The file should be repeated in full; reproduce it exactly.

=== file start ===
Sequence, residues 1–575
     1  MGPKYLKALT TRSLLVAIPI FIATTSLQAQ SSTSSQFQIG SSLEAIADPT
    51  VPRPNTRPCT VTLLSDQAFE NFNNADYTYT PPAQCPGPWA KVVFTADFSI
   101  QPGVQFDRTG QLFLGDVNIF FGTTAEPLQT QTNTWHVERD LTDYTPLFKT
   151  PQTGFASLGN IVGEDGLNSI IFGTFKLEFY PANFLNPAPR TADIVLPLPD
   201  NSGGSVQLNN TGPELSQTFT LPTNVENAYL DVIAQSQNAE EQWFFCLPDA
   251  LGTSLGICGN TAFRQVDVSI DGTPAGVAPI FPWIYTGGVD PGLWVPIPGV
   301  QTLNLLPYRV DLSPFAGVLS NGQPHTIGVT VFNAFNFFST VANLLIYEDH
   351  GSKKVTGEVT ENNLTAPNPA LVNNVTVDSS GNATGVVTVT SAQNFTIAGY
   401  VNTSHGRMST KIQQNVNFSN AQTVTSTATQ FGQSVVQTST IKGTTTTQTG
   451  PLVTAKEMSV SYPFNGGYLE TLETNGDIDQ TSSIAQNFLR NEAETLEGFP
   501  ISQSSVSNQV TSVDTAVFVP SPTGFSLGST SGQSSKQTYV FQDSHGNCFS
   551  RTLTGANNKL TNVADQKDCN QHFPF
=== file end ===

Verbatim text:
Sequence, residues 1–575
     1  MGPKYLKALT TRSLLVAIPI FIATTSLQAQ SSTSSQFQIG SSLEAIADPT
    51  VPRPNTRPCT VTLLSDQAFE NFNNADYTYT PPAQCPGPWA KVVFTADFSI
   101  QPGVQFDRTG QLFLGDVNIF FGTTAEPLQT QTNTWHVERD LTDYTPLFKT
   151  PQTGFASLGN IVGEDGLNSI IFGTFKLEFY PANFLNPAPR TADIVLPLPD
   201  NSGGSVQLNN TGPELSQTFT LPTNVENAYL DVIAQSQNAE EQWFFCLPDA
   251  LGTSLGICGN TAFRQVDVSI DGTPAGVAPI FPWIYTGGVD PGLWVPIPGV
   301  QTLNLLPYRV DLSPFAGVLS NGQPHTIGVT VFNAFNFFST VANLLIYEDH
   351  GSKKVTGEVT ENNLTAPNPA LVNNVTVDSS GNATGVVTVT SAQNFTIAGY
   401  VNTSHGRMST KIQQNVNFSN AQTVTSTATQ FGQSVVQTST IKGTTTTQTG
   451  PLVTAKEMSV SYPFNGGYLE TLETNGDIDQ TSSIAQNFLR NEAETLEGFP
   501  ISQSSVSNQV TSVDTAVFVP SPTGFSLGST SGQSSKQTYV FQDSHGNCFS
   551  RTLTGANNKL TNVADQKDCN QHFPF